Should South Crofty ever reopen, Kaczmarek, who voted for remain and worries who will plug the EU funding gap, knows 200 jobs will not solve problems. But he believes mining – including for lithium, for which testing is currently ongoing – will return in some form. “And it would be a huge boost.” He had not yet decided his vote. “I want someone who will stick their head above the parapet, and fight for Cornwall.”
Hope for Redcar and the surrounding manors ... at last :

Government pledges £71 million to revamp site in ex-Labour seat Redcar.

Former SSI steelworks base gets cash injection as Tories seek to cement election gains.

https://www.theguardian.com/uk-news/202 ... steelworks

EU's funding for UK's poorest areas " Must be matched after Brexit. "

Government’s new fund should at least equal EU’s near £2 billion , Industrial Communities Alliance says.

Russell Imrie, acting national chair of the ICA, said: “Many voters in older industrial Britain backed Boris Johnson. Now is the time for him to ensure that our communities do not lose out from Brexit and to support our efforts to rebuild the economies of our areas.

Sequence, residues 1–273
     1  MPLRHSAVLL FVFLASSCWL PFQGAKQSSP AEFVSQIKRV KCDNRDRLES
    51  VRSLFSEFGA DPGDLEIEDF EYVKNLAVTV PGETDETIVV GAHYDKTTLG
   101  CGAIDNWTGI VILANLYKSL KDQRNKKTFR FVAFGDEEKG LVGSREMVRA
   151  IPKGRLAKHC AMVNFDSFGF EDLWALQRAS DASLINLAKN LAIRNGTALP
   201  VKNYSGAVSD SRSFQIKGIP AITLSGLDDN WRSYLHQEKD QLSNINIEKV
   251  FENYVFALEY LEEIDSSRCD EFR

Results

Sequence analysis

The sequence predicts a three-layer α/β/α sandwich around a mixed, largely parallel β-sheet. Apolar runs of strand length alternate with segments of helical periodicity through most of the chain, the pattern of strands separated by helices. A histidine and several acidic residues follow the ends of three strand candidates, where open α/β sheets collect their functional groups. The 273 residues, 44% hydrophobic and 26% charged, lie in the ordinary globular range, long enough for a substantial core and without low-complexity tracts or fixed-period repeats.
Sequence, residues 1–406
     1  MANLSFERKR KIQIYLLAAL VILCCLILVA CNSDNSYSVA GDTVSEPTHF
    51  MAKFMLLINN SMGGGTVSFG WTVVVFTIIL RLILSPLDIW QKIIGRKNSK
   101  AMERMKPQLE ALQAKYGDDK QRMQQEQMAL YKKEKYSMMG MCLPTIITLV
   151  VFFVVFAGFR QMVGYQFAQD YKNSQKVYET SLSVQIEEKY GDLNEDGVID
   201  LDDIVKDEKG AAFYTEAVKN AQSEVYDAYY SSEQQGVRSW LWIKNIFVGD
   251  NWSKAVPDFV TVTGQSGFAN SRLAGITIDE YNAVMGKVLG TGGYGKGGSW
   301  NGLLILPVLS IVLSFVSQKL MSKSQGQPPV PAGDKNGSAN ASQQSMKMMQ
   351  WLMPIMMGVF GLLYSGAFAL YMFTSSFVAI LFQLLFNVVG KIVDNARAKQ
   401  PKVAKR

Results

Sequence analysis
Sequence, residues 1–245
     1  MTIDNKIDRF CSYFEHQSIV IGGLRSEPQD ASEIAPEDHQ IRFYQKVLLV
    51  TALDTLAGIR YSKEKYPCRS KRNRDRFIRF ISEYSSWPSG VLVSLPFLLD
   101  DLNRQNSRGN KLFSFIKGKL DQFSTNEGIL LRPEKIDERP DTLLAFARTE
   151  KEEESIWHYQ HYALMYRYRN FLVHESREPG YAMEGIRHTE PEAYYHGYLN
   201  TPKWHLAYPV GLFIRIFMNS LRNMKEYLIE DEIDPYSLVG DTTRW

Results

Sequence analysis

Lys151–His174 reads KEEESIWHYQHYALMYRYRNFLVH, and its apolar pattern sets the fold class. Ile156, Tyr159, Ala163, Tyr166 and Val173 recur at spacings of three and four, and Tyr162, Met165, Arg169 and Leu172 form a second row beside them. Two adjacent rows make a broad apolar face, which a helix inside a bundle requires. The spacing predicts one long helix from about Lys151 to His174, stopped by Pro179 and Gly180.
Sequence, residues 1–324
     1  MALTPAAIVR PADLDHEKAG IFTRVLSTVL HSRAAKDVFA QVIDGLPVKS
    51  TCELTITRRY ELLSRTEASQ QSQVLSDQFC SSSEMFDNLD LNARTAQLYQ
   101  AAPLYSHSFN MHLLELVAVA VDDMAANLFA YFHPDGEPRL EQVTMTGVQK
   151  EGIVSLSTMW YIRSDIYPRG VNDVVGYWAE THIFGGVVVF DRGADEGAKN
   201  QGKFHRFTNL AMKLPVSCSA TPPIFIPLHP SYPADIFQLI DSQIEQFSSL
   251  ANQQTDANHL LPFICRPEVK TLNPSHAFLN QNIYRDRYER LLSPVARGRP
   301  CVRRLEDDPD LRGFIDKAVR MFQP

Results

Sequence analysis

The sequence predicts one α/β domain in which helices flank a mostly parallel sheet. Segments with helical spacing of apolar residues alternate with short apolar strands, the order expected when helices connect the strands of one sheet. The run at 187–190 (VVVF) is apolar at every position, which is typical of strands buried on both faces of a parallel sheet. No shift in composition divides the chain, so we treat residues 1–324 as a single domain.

“Thanks to European funding over the years, we’ve been able to make progress in replacing the thousands upon thousands of jobs lost from industries such as coal, steel, engineering and textiles, but we still have a long way to go to match the prosperity in other parts of the country.

“We want to see the prime minister’s electoral promise translated into hard cash and real action on the ground to help deliver the jobs and growth that our communities still so clearly need.”

The UK currently receives £1.4bn a year from the European regional development fund and the European social fund and a number of smaller payments. However, the ICA said that after adjusting for inflation and the fact that more UK communities would be eligible for EU funding were it not for Brexit, the budget for the shared prosperity fund needed to be £1.8bn a year.

It added that the range of activities on which EU funds could be spent had become too restrictive and the creation of the UK Shared Prosperity Fund allowed a fresh start. “There is a strong case for greater flexibility in spending in order to tackle a wider range of regeneration issues than those presently addressed by EU funding.”